The inimitable Charles Hodge, distinguished preacher and author, has written a book on, “Will God Run?” giving the answer as “Yes! Yes! God will run! To save them who come unto him.” The only one who came to meet the returning prodigal was his father.

God did not save him because he repented, nor because he walked all the way back home, but for one reason, and get this, people, He forgave him because he was his son! We are saved by grace, and don’t you forget it!

And he arose, and came to his father. But while he was yet afar off, his father saw him, and was moved with compassion, and ran, and fell on his neck, and kissed him.

Luke 15:20 ASV


Actually, this is the parable of two sons, the elder brother being no less lost than was the prodigal; but, by the consent of all mankind, it is known by the title above.

A preacher once delivered a sermon before four hundred men in prison; and, upon the announcement of this parable as the subject, a mighty groan went up from the four hundred vigorous masculine throats; and after the sermon, the chaplain revealed that upon four successive Sundays the guest speakers had based their remarks upon this parable!

There are two applications of it. First, the prodigal son represents the Gentiles who rebelled against God and departed from the Father’s house.

The elder brother represents the Jewish religious establishment who remained, nominally, in the fold of God, but who nevertheless became proud, self-righteous, unfeeling recipients of the Father’s mercy, having lost all contact with the Father.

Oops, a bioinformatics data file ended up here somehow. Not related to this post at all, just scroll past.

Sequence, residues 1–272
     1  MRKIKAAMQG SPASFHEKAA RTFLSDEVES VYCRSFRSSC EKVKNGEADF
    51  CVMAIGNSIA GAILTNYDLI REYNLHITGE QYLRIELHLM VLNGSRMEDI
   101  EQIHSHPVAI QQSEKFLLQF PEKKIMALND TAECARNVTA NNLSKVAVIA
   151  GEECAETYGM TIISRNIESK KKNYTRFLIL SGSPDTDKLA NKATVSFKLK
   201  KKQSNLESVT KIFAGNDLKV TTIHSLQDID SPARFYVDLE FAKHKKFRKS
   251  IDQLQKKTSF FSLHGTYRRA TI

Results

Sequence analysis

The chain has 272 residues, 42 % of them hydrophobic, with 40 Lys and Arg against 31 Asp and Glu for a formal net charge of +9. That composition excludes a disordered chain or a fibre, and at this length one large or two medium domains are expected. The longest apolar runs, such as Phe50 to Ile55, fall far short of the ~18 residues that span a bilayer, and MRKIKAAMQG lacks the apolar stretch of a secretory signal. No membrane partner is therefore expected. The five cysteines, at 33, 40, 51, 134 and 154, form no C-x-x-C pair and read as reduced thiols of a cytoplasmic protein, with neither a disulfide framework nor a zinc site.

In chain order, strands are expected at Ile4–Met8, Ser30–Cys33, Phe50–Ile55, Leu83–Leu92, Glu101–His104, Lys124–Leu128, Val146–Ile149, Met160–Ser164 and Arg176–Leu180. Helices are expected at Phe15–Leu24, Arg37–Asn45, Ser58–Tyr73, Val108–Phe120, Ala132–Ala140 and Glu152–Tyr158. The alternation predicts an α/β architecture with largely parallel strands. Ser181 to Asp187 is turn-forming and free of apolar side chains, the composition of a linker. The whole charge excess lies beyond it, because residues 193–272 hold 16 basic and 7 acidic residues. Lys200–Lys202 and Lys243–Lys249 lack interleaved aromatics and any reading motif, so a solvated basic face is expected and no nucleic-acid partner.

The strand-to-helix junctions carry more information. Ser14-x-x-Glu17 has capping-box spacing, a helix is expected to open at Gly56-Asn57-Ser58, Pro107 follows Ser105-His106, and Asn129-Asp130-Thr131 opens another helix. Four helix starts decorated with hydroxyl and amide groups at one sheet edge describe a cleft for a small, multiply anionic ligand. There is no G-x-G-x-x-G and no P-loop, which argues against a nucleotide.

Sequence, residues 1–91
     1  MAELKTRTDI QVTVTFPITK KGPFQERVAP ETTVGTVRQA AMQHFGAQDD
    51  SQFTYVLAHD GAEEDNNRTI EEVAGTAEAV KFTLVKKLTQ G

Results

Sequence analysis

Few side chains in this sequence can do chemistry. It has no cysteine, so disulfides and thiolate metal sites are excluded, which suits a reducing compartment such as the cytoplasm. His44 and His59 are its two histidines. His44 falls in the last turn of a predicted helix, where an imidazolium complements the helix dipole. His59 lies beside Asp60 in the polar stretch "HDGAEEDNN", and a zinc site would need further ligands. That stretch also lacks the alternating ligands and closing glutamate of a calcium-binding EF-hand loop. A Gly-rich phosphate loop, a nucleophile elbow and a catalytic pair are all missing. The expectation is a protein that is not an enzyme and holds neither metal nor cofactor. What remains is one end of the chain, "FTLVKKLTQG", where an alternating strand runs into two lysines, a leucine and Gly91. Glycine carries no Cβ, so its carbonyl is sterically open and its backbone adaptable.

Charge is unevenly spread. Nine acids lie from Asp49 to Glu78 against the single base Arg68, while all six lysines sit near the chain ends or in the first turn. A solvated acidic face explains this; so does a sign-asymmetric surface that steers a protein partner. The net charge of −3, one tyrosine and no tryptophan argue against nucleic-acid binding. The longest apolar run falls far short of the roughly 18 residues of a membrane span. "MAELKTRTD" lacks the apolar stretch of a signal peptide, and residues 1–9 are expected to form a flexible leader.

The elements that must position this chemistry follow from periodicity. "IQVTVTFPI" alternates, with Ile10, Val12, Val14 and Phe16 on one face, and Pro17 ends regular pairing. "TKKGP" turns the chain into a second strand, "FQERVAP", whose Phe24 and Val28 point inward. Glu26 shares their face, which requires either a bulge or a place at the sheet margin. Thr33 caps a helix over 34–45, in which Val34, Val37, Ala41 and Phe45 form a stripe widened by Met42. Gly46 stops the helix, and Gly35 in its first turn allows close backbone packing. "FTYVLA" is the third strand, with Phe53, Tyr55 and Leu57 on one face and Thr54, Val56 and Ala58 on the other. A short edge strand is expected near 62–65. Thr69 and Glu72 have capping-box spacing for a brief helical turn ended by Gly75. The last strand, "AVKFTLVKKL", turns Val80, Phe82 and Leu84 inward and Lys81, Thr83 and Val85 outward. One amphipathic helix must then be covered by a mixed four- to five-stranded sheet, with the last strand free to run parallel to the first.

Significantly, the older brother went to the servants, instead of to the Father, with questions about the joyful celebration.

The love of God for both Jews and Gentiles is seen in the Father’s reception of both sons, his reinstatement of the prodigal, and his entreating of the older brother.

The second, and more general, application of the parable has regard to the men of every generation.

That this parable is an unqualified tragedy, first to last, may not be doubted, despite the rejoicing over the return of the prodigal; and, as is the case in many of Jesus’ teachings, the total unworthiness of the human race in the sight of God is plainly taught.

To be sure, people are precious in God’s sight; God loves them; God offered His Son upon Calvary for their redemption; and one redeemed soul is valued above the world and everything in it (Mark 8:36,37); but Jesus was careful to use illustrations, such as this parable, in such a manner as to show beyond any shadow of doubt that no man DESERVES salvation through his own merit.

The prodigal son did not merit the honorable reinstatement he received of the father; nor did the hard-hearted elder brother deserve the father’s entreaty at the end of it.

In the parable of the laborers in the vineyard (Matthew 20:1-6), both those workers who came in the eleventh hour and received reward, and those who worked all day and complained against the householder, proved themselves to be without merit.

The same situation is seen in the parable of two sons (Matthew 21:28-32); who would wish to have a son like either one of them?

Likewise, in the parable of the marriage of the king’s son (Matthew 22:12-14), neither the nobility who scorned the invitation, nor the rabble that accepted it, had any quality of character that could have merited the invitation.

and he saith unto him, Friend, how camest thou in hither not having a wedding-garment?

And he was speechless.

Then the king said to the servants, Bind him hand and foot, and cast him out into the outer darkness; there shall be the weeping and the gnashing of teeth.

For many are called, but few chosen.
Matthew 22:12‭-‬14 ASV

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